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Theory of Mind in A.I. and Computer Ethics


     GPT models have gained a soaring popularity in public since November 2022 when the meta version of GPT-4 came out. As a Large Language Model (LLM) itself, GPT-4 has demonstrated an extraordinary power to solve “false-belief” tasks. The capacity to understand mental states, including emotions and intentions, of one and the other, is called “Theory of Mind (ToM).” The latest GPT model, updated GPT-4 published in March 2023, has shown its capability of highly attributing mental states, having a high level consciousness in ToM. However, the term ToM, is often seen in the psychological field for researching and interpreting certain phenomena from creatures, and the discussion of this interdisciplinary study sparkles a further connection between the field of artificial intelligence, neuroscience and humanities.

          Psychologists have long accepted that the theory of mind (ToM) can only be adopted by biologically living beings. For instance, dogs are capable of distinguishing between positive and negative emotions in other dogs and humans. Meanwhile, humans have a far more advanced mechanism for perceiving others' emotions and reacting accordingly. The development of ToM in humans is a time-series result of biological development: A person can grasp the concept of false belief between the ages of 3 to 4, and it is usually fully developed by the age of 5.  

Surprisingly, GPT-3.5 demonstrates the ability to identify false-belief tasks in a similar manner to a six-year-old human child.

How is this the case? The answer is actually quite intuitive: the need to perceive mental states in order to improve model performance. This suggestion is supported by the article 'Theory of Mind May Have Spontaneously Emerged in Large Language Models' by Michal Kosinski from Stanford University. The article states that the strong capacity of the ToM in GPT models is a byproduct of the language model's improvement in language skills, rather than an intentional feature engineered into the structure of the GPT model.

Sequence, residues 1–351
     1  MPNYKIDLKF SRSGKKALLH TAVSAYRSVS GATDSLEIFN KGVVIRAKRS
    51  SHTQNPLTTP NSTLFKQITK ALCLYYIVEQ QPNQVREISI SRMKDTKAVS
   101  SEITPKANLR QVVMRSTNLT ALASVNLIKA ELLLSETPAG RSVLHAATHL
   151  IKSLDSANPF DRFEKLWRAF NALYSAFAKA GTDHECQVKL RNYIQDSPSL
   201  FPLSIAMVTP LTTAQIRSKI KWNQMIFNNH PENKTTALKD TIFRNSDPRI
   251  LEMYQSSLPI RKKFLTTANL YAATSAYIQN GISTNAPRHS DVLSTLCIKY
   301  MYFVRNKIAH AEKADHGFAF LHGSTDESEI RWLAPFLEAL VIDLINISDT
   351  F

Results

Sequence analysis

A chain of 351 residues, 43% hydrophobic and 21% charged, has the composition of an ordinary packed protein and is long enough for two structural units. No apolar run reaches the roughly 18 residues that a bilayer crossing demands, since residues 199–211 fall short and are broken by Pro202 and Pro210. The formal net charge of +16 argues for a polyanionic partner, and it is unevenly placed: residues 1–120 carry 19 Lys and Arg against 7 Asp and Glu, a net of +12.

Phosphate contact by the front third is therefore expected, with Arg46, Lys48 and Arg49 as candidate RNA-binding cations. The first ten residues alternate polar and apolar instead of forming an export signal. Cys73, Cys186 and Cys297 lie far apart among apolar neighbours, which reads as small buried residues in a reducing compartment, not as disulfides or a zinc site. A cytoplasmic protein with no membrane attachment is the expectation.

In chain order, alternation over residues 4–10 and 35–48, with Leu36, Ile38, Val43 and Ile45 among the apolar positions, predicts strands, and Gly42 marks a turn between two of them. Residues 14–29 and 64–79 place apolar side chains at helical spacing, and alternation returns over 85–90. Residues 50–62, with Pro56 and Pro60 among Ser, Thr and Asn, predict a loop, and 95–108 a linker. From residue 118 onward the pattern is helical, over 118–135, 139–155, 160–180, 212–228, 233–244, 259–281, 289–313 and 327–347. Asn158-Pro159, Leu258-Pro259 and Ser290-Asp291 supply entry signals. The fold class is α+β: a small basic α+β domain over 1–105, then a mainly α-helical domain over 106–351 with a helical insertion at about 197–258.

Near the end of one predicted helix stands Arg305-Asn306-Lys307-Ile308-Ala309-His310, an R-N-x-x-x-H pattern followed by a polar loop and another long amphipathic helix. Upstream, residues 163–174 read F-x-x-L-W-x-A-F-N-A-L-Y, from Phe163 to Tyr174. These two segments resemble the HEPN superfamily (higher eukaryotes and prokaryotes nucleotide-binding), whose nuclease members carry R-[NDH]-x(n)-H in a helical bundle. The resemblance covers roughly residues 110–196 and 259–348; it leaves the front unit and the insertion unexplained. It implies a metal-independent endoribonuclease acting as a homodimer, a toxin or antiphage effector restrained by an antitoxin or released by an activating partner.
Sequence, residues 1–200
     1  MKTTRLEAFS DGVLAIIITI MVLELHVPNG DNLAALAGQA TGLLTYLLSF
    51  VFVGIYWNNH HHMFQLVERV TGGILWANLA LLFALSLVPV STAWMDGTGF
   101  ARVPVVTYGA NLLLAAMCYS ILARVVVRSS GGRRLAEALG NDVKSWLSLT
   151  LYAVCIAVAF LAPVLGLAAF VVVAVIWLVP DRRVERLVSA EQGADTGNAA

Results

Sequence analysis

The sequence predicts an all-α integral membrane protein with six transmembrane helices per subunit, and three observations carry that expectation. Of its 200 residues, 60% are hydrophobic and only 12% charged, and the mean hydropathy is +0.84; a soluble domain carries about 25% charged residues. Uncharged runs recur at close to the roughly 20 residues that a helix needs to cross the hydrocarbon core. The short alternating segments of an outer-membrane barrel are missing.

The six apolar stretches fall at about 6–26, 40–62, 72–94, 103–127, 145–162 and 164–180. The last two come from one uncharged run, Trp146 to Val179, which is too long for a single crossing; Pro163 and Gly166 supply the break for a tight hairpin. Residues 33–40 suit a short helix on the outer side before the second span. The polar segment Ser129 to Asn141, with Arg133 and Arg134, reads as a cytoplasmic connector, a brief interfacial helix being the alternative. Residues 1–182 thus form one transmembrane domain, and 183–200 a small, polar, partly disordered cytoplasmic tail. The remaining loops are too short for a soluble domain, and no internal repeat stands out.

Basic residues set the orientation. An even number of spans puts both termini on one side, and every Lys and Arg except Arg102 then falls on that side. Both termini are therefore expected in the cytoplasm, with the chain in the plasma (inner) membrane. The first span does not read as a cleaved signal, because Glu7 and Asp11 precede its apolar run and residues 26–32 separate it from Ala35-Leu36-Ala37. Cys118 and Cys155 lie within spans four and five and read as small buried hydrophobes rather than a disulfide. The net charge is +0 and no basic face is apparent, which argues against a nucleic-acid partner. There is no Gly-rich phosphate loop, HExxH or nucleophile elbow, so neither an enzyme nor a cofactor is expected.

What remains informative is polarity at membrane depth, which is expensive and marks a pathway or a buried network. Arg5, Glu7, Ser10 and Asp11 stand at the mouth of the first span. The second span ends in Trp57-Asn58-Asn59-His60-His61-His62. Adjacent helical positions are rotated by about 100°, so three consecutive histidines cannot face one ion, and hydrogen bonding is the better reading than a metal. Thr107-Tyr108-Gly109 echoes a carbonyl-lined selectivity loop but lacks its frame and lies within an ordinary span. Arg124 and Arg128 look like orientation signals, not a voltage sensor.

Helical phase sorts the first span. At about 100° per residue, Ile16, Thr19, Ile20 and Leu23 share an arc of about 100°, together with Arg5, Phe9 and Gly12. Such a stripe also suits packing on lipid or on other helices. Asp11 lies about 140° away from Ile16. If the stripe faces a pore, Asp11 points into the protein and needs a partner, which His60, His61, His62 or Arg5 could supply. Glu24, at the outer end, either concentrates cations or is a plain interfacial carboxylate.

For example, when a ChatGPT user types questions in the query entry such as 'What should I do if I fail an interview that I have prepared for a long time?' or 'What if I get rejected from my favorite program? Should I share this with my friends?' the GPT model with a high degree of Theory of Mind (ToM) is capable of understanding the concerns the user has. It can provide feedback based on considerations that take care of the users' moods. This embedded feature is autonomously and spontaneously developed throughout the evolution of language models, based on their need to gain better understanding of the environment in order to provide reasonable and personalized suggestions.

          However, it's worth noting that GPT models do not process details with Theory of Mind (ToM) in the same way as creatures in nature do. When people think about others, there are electrical activities occurring between neurons within the nervous system. This results from information processing and transmission, phenomena that can be explained by neuroscience. In contrast, GPT models, and artificial intelligence models in general, do not exhibit similar neural interactivity. Instead, they generate responses through statistical training and testing based on the algorithms and information provided to them. This shows that these models do not fully autonomously manage ToM in their programming. Instead, they offer ToM feedback in accordance with different contexts in the environment. 

          This dependency on ToM raises significant ethical questions: Is it ethical to present the results of ToM feedback without understanding the origins of the training sets? This is similar to ethical issues surrounding the application of machine learning models in real life. AI models that generate responses containing ToM elements may also contain biases from the training datasets provided by the designers for the algorithms. These datasets may carry historical biases, selection biases, or even statistical biases that result from uncleaned data. The biases present in reflections provided by AI models, to varying degrees, correspond to the degree of biases and discrimination in the dataset. These biases could be amplified through the process of feedback loops. To make AI model responses more impartial and reasonable, and to align AI ethical principles with those of modern human society, scientists will need to address issues regarding data privacy, data transparency, and information justice.


Kosinki, M. (2023). Theory of mind may have spontaneously emerged in large language models. Stanford University.  


IDEO Team. (2019, September 30). Data Ethics and AI. Medium.

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